Super Typhoon Haiyan left a trail of destruction as it made its way across the island nation of the Philippines on November 13, 2013. In the wake of the disaster, one of our reporters traveled to the Philippine island of Leyte to talk to the victims of this massive storm and give a firsthand description of the damage. Please enjoy his humble account of the situation in Ormoc City, Philippines.
The damage in Ormoc City is tremendous. The roofs of almost all of the buildings have blown away and window panes are broken. Only a few stores are able to remain open, of those, most have been turned into makeshift street stalls selling what little was salvaged. People who have lost their homes can been seen sleeping in the streets at night and most of the city lights remain extinguished.
Of course, hotels are not open for business. I assume those workers are now sleeping in the streets like so many others. While I stayed the night alongside those who were left homeless by Typhoon Haiyan, I asked, “What do you need the most?”
“We need a place to sleep without worrying” was the most common response. Most would be grateful for a tent or a bed to spread a blanket on. Many people can be seen sleeping atop cardboard every night. When they can’t find cardboard, they sleep directly on the cement and it is far from comfortable. I began to understand their plight after just one night sleeping on the street being bitten by insects and getting woken up by passing rain showers.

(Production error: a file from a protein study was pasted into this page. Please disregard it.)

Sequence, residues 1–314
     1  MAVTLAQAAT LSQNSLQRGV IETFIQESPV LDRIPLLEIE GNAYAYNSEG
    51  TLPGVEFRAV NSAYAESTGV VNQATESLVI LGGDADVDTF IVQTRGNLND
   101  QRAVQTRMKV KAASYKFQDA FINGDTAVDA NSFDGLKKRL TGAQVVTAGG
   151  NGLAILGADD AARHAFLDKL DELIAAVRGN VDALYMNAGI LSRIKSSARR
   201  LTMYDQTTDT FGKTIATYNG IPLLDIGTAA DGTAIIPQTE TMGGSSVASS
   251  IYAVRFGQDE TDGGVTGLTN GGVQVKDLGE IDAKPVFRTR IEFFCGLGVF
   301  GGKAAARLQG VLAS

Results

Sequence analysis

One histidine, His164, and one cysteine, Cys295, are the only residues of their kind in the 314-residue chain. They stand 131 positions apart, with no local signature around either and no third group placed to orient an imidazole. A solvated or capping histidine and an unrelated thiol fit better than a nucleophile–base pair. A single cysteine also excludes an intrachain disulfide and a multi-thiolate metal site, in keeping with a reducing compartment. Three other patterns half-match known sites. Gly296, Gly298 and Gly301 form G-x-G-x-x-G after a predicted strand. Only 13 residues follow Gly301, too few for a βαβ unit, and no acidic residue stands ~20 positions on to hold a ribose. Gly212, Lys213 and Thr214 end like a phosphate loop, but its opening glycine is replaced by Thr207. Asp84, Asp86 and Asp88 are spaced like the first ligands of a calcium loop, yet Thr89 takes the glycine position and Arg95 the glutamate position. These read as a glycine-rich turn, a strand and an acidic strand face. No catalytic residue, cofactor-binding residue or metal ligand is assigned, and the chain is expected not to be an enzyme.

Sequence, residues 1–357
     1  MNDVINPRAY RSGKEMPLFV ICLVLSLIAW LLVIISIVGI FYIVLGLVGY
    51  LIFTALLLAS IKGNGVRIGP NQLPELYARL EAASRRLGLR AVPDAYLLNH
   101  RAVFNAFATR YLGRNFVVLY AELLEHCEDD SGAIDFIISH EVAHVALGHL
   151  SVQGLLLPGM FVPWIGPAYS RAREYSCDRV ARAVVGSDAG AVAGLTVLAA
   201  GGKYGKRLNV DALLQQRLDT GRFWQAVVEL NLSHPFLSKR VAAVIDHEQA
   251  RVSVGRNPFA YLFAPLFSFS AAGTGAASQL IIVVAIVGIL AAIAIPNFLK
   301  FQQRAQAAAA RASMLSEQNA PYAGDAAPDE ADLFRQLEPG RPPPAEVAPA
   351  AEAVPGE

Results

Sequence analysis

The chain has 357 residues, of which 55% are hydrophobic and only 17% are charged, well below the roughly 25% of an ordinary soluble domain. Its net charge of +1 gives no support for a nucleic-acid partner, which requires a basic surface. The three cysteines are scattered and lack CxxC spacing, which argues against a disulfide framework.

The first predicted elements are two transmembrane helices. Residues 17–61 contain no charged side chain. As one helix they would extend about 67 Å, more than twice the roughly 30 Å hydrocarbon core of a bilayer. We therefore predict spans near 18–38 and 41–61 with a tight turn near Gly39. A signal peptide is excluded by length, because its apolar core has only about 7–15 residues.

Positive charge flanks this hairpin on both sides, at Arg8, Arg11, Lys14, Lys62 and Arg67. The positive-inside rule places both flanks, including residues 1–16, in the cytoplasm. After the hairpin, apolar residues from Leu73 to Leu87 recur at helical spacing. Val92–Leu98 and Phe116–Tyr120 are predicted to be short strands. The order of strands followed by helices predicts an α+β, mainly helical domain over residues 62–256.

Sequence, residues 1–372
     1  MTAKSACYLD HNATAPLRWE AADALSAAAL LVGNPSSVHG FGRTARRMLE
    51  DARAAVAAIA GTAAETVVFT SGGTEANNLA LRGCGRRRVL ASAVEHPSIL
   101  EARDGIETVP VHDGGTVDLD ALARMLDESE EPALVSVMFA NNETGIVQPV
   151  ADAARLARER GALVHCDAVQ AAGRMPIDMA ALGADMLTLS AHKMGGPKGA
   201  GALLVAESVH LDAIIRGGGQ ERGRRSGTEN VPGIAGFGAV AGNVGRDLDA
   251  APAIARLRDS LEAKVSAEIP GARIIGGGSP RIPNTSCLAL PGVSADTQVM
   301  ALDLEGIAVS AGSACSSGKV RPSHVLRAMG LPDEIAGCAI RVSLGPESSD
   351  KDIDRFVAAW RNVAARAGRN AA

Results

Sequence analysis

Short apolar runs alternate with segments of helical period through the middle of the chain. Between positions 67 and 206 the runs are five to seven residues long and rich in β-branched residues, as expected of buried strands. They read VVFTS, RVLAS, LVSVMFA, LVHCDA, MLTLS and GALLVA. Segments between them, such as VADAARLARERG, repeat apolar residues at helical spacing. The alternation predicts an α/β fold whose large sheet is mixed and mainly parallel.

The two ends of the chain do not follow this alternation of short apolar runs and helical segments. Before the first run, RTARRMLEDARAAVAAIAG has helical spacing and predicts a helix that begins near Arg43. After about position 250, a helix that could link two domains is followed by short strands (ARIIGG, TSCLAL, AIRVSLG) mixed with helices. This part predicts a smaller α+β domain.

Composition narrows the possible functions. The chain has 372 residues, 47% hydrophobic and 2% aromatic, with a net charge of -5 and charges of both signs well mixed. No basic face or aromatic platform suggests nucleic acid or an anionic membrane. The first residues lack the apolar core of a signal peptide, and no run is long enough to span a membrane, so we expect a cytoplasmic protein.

The people I encountered also said they need electricity, information, gasoline, and hygiene management. The streets have been turned to darkness except for one small area. Because of an energy shortage, street vendors selling electricity have appeared.
Everyone has come to rely on candle light at night so they have become a precious commodity, making candle vendors a welcome sight on street corners.
There is a service to broadcast the news in the square of Ormoc City, residents intently stared at the screen, hoping for new information.
In addition, only government officials are given priority when refueling, but a long line of cars and motorcycles were lined up hoping to purchase gasoline. I wondered how long they were willing to wait under the blazing sun.
Garbage is deposited everywhere on the street. Flies buzz above the piles, making for unsanitary conditions.
This is just one reporter’s opinion, but I felt that many people missed the simple convenience of a shower or a washing machine. Many people are forced to use the water in front of public toilets to bathe and wash their clothes. I was also allowed to use this precious source of water during my stay.
I was surprised to find out something about the food and water. If you visit the street stalls, meat, fish and vegetables were piled up at each one. This is because there is an abundance of relief supplies from countries all over the world and from friends of the residents of Leyte, so much so that it makes it appear that Ormoc City is a center of fishing and agricultural prosperity. We’re glad to see that the people of Ormoc City have enough to eat and drink, but we understand that they are in need of so much more. We hope the people of Ormoc City and the rest of the Philippines the best in their recovery efforts.